THE EQUAL RIGHTS Amendment expired in the final stretch, three states short of the finish line. And before the post-mortems begin, it would be well to scotch one myth. The Equal Rights Amendment was never a battle between the sexes, with men having the final say. Ronald Reagan notwithstanding, few men cared much either way. On the contrary, a crucial reason for the ERA's defeat was opposition from women.

Legislators who voted against it could point to their negative mail, which came mainly from women. For them that was excuse enough. Even the polls were deceptive, for they failed to show the dept of feeling on the against side. It would be well to understand why so many women ended up opposing a measure intended for their benefit.

As originally proposed, the Equal Rights Amendment seemed altogether innocuous. Its two dozen words ("Equality of rights under the law shall not be denied or abridged by the United States or by any state on account of sex") simply summarized a principle accepted by the courts embodied in legislation. The amendment cleared Congress in March 1972, with only eight dissents in the Senate and 24 in the House. Before the year was over, no fewer than 22 state legislatures had ratified the ERA. The 16 others needed for its adoption were expected to follow suit in 1973.

As everyone now knows, however, it did not turn out that way. Over the ensuing five years, only 13 more states added their approval, with Indiana the last, in 1977. Not only that, five of the ratifying states moved to rescind their passage -- an unusual step now facing legal challenge.

And if only five went on record as changing their minds, soundings show that at least as many more would not repeat their ratifications were they to vote today.

In 1978 an embarrassed Congress -- this time with 225 dissenting votes -- gave the amendment 39 more months to muster three more states. But when, this June, Illinois' moderately liberal legislature failed to act favorably, it became clear that the amendment had reached the end of its road. (Anyone inclined to believe that ratification is still possible is invited to identify three candidates for conversion among the 15 holdouts: Alabama, Arkansas, Arizona, Florida, Georgia, Illinois, Louisiana, Mississippi, Missouri, Nevada, North Carolina, Oklahoma, South Carolina, Utah, and Virginia.) Principle apart, the Republicans' repudiation of the ERA can be seen as a refusal to align with a lost cause.

What happened is that early in its course, the ERA lost the innocent status. In fact, this change occurred during the nine months after the amendment had left Congress and while it was winning quick approval from half the necessary states. Stirred by this success, women who had worked for the ERA began to talk as if, quite literaly, it signaled a new era. What began as a request for equal rights merged into the more militant cause of women's liberation. Guarantees purposely left vague in the wording of the amendment were now being discussed in concrete terms.

One such guarantee was that women, no less than men, should be free to choose what to do with whatever migh happen to grow within their bodies. Needless to say, such an interpretation had serious implications. It was not as if women were demanding the right to decide about having their adenoids removed. In addition, much began to be said about what property rights women should be able to claim, either at the breakup of a marriage or even prior to the wedding. Here the hidden message seemed to be that divorce was an eventuality every women could expect.

There was also the whole "Ms." phenomenon, which was part of a more generalized attack on all the disabilities inhering in the double standard. (And at the same time it was easy to imply that the title "Mrs." showed passive acquiescence to a subordinate condition.) Thus the passage of the ERA would be a sign that women were gaining not only legal rights but the power and the sanction to lead lives of their own choosing. Nor could its supporters imagine how any rational woman could object to these goals.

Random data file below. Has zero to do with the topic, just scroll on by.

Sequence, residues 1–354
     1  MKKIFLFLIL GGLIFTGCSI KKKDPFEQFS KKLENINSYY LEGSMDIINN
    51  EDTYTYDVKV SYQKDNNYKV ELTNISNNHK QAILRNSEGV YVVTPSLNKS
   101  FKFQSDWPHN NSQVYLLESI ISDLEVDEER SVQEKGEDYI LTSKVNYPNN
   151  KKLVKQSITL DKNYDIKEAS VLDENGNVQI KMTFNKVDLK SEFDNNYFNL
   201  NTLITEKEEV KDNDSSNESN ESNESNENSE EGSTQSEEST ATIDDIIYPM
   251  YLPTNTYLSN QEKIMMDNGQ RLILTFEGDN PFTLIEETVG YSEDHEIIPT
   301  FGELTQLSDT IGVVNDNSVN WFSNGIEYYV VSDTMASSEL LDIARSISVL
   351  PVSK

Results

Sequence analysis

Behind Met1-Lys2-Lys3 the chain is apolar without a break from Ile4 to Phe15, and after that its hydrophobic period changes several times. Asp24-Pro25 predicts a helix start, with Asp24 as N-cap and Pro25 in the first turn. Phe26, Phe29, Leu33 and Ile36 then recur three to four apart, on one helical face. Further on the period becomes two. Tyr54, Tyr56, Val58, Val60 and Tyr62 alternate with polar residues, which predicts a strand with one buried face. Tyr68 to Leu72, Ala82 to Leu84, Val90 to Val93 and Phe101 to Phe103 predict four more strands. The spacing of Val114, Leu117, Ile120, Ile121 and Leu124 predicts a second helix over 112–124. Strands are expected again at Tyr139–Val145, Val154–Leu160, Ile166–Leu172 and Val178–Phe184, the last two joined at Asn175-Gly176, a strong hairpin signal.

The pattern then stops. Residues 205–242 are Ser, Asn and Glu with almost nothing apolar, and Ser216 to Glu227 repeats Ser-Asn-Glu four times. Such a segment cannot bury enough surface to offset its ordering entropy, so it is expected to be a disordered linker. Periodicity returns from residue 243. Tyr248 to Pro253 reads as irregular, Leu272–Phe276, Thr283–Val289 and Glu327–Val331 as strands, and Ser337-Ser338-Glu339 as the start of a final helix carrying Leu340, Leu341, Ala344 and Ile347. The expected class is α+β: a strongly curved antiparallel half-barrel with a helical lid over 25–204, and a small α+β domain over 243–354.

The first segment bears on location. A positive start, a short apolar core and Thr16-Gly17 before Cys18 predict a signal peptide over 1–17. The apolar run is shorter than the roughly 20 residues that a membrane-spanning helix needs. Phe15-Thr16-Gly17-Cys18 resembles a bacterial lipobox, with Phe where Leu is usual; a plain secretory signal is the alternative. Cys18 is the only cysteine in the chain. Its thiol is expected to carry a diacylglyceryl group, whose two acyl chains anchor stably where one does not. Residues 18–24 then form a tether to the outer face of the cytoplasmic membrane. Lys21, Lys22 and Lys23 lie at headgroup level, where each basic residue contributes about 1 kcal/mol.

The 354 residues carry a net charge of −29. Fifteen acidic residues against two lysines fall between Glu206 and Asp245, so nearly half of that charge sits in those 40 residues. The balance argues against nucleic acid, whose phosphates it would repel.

Still, the main impetus for the amendment arose from inequities in employment -- in particular, the obstacles women encountered in entering certain fields, obtaining equal pay, and getting merited promotions. At its simplest, equal rights would mean that fire departments could not refuse to consider a certain application because of the candidate's sex.

But those in the vanguard of the ERA appeared also to be saying that for real emancipation to come about, women must begin filling the positions hitherto held by men. While there were polite murmurings about how other avenues were acceptable, the word was that you had better get out of the house and into something serious. Nor was it legitimate to settle for being a secretary or stewardess; little girls were reprimanded for playing at being nurses.

Given this expanded outlook, the last letter in the ERA came to stand for more than the amendment. It signified an atmosphere and an attitude that could cut across class lines. Women could be miners or state troopers as well as executives and attorneys. To the aim of equality was jointed the spirit of independence.

It was at this point that Phyllis Schafly gave form to a following that in fact was waiting for her. It is too easy to say that those for whom she spoke misunderstood the amendment. Allusions to unisex toilets and frontline combat duty were good for getting attention, but they weren't the central concern. The women who responded to Schlafly were under no illusions about the impetus for the ERA.

More than that, they were aware of how they would be affected, and, at the same time, were hesistant to air their underlying anxieties, at least in a public forum. So instead they spoke as if their chief concern were to preserve the family. But in so doing they were talking about themselves. For the women who felt most threatened by the ERA were housewives -- and their number should not be underestimated even in 1980.

There has been a great deal of talk about how housewives are a disappearing species. Betty Friedan, for example, likes to cite the statistic that among American households only 17 percent remain with a father as the wage earner, the mother a full-time homemaker, and one or more resident children. In fact, the figures tell a different story.

But before examining them, it would be well to realize that this country still has many millions of women for whom caring for a home has been their lifetime calling. Moreover, most of them remember when the vocation of housewife was an honored estate. Some are old enough to recall when on radio and television a woman was asked her occupation, if she answered "housewife" the rafters rang with applause. Now, when asked what they do, they find themselves saying "just a housewife" in apologetic tones. And from this grows an edge of anger over being made to feel outmoded.

Quite clearly, there are many women who feel that with a fair chance they will end up among the winners. Often women, however, would rather not be tested. But the issue is not whether they are afraid of competing with men alone, as the working world already contains many ambitious women. Nor should it be assumed that all younger women are committeed to careers. Students at my college tell me that many women in high school set having a home and a husband as their overriding aim. Even today most marriages take place before the bride is 22, and children are born soon thereafter.